Legislative Summary
Maryland Academy of Family Physicians

2023 Legislative Summary

Report on the 2023 General Assembly Session

Prepared by: J. Steven Wise, Esq.| Schwartz, Metz, Wise & Kauffman, P.A. Attorneys
MDAFP Legislative Priorities

1 Keep in mind that bills passed by the Legislature are presented to the Governor for his signature. References in this report to bills that have passed do not mean they have become law; that does not occur until the Governor either signs the legislation or allows it to become law without his signature.

1. Physician Assistant Legislation

During the last two years, the Physician Assistants (PA) have unsuccessfully lobbied to make various changes to the statute governing their practice. At the request of legislative leaders, MDAFP joined MedChi and others in a workgroup to discuss the legislation. After negotiations each of the last 2 years with the workgroup, revisions will be made increasing its likelihood of passing this coming year. Many thanks to Dr. Michael Niehoff for representing MDAFP on this workgroup.

2. Medicaid Payment Rates

Last year, Medicaid evaluation and management (E&M) payment rates in Fiscal Year 2024 were retained at 2023 rates, making the 2024 rates above Medicare rates. As the State looks toward Fiscal Year 2025, we will be requesting that the Administration fund the E&M payment rates at no less than the current levels. We are asking them to consider the impact on communities affected by lack of access to health care services and that payment rates must be appropriately funded to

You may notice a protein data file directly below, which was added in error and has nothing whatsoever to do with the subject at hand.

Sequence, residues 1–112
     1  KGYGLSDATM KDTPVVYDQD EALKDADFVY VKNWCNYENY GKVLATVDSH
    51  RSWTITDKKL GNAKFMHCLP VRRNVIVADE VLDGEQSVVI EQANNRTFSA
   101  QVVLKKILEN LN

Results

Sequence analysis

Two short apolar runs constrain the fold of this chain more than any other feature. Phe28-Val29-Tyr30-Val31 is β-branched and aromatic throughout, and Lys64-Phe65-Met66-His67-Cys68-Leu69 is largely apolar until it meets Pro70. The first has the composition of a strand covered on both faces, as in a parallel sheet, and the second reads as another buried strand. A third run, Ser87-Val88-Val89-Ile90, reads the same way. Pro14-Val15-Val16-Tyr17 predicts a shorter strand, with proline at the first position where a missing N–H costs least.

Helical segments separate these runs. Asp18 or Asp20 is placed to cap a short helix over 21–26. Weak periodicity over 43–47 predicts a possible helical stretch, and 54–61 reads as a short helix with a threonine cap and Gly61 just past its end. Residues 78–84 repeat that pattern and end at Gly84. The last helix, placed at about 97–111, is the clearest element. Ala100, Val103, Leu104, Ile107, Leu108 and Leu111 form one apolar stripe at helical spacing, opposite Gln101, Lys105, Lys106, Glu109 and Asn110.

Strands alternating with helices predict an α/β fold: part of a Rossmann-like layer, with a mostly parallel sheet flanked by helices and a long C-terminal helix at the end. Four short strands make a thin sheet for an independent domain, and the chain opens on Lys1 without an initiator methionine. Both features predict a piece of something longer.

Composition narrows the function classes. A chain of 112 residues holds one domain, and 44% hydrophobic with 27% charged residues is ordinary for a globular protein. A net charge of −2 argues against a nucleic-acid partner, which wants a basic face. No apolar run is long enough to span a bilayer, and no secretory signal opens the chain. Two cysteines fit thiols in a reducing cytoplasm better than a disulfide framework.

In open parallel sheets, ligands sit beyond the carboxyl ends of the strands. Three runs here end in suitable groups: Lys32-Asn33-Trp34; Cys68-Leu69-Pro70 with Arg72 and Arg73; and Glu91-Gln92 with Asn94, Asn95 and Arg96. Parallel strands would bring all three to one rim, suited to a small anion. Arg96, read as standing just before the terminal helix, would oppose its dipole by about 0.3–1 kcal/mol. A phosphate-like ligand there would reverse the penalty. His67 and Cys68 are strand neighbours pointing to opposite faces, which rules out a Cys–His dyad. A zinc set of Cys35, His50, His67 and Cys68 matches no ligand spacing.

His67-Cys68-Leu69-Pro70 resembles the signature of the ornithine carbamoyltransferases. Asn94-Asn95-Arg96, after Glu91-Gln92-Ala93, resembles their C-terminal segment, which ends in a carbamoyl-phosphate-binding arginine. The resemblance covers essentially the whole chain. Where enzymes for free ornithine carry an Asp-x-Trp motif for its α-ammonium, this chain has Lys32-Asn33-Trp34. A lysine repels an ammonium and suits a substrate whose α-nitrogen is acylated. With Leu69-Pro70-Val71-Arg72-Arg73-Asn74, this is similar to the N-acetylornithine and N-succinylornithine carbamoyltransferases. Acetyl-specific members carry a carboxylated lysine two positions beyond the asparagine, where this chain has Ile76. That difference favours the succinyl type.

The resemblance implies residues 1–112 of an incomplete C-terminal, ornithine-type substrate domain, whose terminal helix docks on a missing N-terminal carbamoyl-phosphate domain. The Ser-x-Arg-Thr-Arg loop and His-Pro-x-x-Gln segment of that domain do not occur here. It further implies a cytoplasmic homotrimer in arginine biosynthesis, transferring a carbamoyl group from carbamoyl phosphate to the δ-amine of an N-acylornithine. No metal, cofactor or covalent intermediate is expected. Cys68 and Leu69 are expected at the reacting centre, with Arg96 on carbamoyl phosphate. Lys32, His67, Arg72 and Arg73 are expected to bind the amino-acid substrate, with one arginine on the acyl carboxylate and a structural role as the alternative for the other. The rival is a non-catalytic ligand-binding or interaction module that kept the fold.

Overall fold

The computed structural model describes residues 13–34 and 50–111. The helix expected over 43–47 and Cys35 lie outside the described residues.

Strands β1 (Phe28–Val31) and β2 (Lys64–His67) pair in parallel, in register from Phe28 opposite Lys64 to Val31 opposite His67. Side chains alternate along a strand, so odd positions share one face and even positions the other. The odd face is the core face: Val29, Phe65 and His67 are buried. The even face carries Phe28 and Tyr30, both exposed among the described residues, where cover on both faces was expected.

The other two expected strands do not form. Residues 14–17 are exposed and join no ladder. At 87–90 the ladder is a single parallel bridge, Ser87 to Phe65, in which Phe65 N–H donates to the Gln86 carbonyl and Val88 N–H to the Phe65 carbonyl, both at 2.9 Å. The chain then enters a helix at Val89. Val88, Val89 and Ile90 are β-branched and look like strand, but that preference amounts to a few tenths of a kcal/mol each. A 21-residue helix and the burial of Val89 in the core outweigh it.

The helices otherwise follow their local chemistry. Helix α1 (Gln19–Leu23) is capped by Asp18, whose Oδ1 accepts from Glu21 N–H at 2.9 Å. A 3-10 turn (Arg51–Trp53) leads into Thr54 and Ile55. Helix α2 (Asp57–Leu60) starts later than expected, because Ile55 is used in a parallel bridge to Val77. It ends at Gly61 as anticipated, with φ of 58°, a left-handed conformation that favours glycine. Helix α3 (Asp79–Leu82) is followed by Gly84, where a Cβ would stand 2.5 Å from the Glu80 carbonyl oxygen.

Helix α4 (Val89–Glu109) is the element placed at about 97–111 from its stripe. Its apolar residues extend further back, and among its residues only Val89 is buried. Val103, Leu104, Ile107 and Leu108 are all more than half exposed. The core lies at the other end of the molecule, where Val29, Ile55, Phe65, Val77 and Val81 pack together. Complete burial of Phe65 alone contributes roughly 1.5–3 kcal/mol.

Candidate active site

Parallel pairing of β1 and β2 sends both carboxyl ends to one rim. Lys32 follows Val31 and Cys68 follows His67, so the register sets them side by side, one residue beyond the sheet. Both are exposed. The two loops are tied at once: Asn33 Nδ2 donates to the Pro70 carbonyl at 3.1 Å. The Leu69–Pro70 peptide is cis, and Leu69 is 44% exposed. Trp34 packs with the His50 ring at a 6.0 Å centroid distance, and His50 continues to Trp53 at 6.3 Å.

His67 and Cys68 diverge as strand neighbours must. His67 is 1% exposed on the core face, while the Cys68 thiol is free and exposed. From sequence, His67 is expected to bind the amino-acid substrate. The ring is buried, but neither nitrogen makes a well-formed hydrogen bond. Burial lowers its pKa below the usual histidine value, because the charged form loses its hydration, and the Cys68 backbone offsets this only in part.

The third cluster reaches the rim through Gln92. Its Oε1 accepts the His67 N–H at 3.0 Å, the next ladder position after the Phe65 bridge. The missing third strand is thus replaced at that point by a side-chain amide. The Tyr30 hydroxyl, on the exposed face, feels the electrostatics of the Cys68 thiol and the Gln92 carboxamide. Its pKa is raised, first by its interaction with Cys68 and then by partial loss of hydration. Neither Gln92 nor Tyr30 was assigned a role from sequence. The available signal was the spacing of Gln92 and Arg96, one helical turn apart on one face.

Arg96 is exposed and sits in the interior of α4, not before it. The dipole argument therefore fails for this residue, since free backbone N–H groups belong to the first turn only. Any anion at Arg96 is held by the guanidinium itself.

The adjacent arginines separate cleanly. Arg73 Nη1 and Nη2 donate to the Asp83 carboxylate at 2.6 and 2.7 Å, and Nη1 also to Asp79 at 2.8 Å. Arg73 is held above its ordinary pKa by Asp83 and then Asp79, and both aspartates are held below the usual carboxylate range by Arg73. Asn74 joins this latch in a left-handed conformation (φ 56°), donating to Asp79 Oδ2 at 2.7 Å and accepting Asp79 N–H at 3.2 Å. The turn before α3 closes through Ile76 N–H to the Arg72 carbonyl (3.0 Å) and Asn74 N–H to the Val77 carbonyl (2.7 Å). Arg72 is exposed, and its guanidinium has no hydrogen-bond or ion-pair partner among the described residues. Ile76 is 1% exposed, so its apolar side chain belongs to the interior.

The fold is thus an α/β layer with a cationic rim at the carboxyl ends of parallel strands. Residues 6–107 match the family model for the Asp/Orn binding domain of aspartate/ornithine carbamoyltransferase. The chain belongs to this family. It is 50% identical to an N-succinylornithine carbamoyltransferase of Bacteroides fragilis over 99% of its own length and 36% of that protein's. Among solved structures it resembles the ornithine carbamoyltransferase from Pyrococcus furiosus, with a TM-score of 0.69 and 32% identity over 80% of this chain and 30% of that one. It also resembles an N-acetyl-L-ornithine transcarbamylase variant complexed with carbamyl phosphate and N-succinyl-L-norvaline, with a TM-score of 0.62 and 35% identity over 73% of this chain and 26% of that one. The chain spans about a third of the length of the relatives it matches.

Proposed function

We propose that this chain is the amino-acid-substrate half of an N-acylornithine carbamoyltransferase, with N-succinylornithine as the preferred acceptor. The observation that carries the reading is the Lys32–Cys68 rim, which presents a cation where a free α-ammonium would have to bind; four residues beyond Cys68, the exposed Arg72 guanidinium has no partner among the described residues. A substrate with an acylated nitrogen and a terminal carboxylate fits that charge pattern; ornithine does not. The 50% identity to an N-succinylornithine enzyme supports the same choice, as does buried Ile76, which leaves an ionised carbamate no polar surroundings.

ensure physician and practitioner participation is assured.

3. Prior-Authorization

A major effort was put into the Senate and House in 2023, Health Insurance – Utilization Review – Revisions, which would reform the prior authorization processes of health insurers that have become a problem of serious magnitude in recent years. While this bill did not pass, both the Senate and House legislative committees have committed to working on it over the interim and recognize that proper care is being denied through prior authorization processes, not to mention the time away from patients it is causing. We will continue these efforts this upcoming Session in hopes of achieving meaningful change.